This necessary departure from our current economic paradigm can only be achieved through efforts made by governments as well as corporations. While rigorous environmental regulation by governments can be considered as the most efficient method for doing so, convincing them to do the same is an infinitely complicated matter which I can only elaborate on over my next few posts (geopolitics of climate change a.k.a passing the parcel unlimited!). Thus corporate sustainability, remains our only other option. It cannot be denied that unsustainable business models and a lack of a cradle-to-grave analysis of business activities has caused most of our environmental crises currently. It thus only makes sense to not only refine but redesign our business activities through the principles of corporate environmental and sustainability management. Many companies are already recognising the importance of Corporate Social Responsibility (CSR) and moving away from their business-as-usual activities. Needless to say, the degrees to the extent each one of them is willing to go, does vary. However the first step is the most important step!

Aaand so hopefully I have given you a tiny snapshot of the type of discussions that will be featured on this blog. Although I have come across many blogs that are centred around green talks, I never felt there were enough when compared to how imperative they are. Thus this is my tiny contribution towards starting a healthy discussion on the environmental challenges we currently face, how we are currently tackling them and how we can tackle them even better. Although my area of expertise revolves around environmental management issues in the business context, my interests encompass a wide variety of environmental issues and I will attempt to write about them from time to time. Do drop in :)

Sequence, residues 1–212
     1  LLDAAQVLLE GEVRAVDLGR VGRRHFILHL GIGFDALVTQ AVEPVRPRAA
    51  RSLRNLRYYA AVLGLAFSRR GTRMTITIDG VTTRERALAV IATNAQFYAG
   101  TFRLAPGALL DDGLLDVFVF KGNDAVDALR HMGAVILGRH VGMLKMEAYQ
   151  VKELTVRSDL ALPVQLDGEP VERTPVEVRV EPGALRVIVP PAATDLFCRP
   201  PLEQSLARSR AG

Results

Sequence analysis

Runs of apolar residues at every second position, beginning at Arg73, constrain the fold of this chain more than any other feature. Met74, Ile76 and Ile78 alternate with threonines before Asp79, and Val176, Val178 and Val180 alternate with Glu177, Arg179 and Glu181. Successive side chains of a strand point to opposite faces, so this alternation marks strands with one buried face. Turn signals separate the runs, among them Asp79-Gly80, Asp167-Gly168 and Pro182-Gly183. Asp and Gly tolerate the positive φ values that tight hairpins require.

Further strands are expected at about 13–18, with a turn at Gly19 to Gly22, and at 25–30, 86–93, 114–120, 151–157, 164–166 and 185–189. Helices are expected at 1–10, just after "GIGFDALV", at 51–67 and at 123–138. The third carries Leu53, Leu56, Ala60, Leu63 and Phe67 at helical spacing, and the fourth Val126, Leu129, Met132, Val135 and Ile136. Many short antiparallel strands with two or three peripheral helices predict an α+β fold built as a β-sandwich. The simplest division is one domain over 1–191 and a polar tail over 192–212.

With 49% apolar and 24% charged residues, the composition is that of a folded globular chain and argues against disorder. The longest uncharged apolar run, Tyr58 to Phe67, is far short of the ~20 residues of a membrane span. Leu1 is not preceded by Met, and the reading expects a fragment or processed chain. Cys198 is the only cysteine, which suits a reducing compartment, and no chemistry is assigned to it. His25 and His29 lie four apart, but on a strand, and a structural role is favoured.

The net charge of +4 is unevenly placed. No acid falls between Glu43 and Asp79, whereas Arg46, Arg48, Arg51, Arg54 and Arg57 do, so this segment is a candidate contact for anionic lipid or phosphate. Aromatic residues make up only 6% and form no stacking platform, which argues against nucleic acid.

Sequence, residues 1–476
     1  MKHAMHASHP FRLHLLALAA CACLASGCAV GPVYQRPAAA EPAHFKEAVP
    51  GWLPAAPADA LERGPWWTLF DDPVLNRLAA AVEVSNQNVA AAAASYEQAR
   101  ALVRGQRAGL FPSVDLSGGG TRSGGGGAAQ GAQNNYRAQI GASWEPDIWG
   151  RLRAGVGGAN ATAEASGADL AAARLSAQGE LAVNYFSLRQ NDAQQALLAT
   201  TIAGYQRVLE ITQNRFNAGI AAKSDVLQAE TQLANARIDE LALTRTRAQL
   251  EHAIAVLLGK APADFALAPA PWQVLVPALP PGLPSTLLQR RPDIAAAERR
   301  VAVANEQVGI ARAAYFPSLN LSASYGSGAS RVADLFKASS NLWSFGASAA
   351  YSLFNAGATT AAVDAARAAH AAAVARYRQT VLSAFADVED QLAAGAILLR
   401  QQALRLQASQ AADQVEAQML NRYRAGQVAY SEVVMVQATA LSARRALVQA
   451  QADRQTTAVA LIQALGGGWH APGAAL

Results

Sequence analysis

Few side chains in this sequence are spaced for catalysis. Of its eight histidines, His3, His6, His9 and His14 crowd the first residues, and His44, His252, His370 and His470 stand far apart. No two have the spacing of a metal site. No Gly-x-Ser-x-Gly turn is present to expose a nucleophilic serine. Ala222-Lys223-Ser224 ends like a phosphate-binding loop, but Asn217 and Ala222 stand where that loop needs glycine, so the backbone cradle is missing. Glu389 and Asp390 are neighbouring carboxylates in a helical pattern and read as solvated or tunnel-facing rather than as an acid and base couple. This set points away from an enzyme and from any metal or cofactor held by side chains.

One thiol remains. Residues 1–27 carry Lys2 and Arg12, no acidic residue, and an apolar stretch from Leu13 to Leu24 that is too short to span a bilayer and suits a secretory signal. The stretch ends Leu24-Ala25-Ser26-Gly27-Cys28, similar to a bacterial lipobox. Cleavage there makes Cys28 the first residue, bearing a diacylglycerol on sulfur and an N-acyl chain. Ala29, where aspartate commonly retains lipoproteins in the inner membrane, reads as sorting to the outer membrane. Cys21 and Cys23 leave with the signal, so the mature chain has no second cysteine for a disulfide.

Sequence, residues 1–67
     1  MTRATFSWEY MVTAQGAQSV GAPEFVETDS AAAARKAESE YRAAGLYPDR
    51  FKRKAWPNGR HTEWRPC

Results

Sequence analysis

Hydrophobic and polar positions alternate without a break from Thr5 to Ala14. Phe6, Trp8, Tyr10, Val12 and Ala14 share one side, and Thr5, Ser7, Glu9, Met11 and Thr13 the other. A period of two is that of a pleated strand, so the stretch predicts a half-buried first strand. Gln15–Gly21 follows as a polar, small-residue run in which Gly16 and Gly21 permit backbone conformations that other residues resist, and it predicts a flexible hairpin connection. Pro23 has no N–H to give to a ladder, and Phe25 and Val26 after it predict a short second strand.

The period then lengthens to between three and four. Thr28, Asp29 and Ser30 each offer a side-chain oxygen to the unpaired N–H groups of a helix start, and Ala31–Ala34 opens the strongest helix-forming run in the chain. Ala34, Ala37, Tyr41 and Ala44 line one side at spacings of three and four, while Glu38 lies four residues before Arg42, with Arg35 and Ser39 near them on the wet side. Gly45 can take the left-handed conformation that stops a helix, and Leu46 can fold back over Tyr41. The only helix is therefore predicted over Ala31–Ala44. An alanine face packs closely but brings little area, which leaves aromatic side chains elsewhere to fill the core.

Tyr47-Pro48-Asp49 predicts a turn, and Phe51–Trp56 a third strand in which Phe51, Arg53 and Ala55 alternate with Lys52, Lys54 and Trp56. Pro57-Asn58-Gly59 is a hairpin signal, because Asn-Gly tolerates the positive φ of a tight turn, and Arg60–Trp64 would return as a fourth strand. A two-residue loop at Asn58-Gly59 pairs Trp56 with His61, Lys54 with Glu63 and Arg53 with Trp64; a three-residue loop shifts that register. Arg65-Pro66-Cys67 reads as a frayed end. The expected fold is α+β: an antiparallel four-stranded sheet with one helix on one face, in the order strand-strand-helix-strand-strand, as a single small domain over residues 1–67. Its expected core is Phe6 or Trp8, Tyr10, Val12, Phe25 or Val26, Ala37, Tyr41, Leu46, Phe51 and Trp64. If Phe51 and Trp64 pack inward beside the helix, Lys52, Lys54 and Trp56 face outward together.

In the meanwhile please follow me on Linkedin: I am SO new and unfamiliar with this segment of social media, I need more connections to get the ball rolling!



  1. Our hopes are pinned on your generation to make it right and educate us, Great blog :)

  2. Great start Ishita!
    Sustainable development and economic growth are definitly not two ends of the spectum...and CSR needs to be understood as more that putting a percent of earnings into a 'flavour of the month' kind of social support!

    Looking forward to more on this from you!

  3. Hi! Thank you so much for the feedback. I wholeheartedly agree with you. It is because CSR is still in a stage of infancy that companies are unaware as to how much it can contribute to their growth and not just serve as a protection from legislative compliance agreements. I will be sure to write a post soon, quoting examples of companies who have already understood this and are miles ahead of their competitors in this respect. Stay tuned :)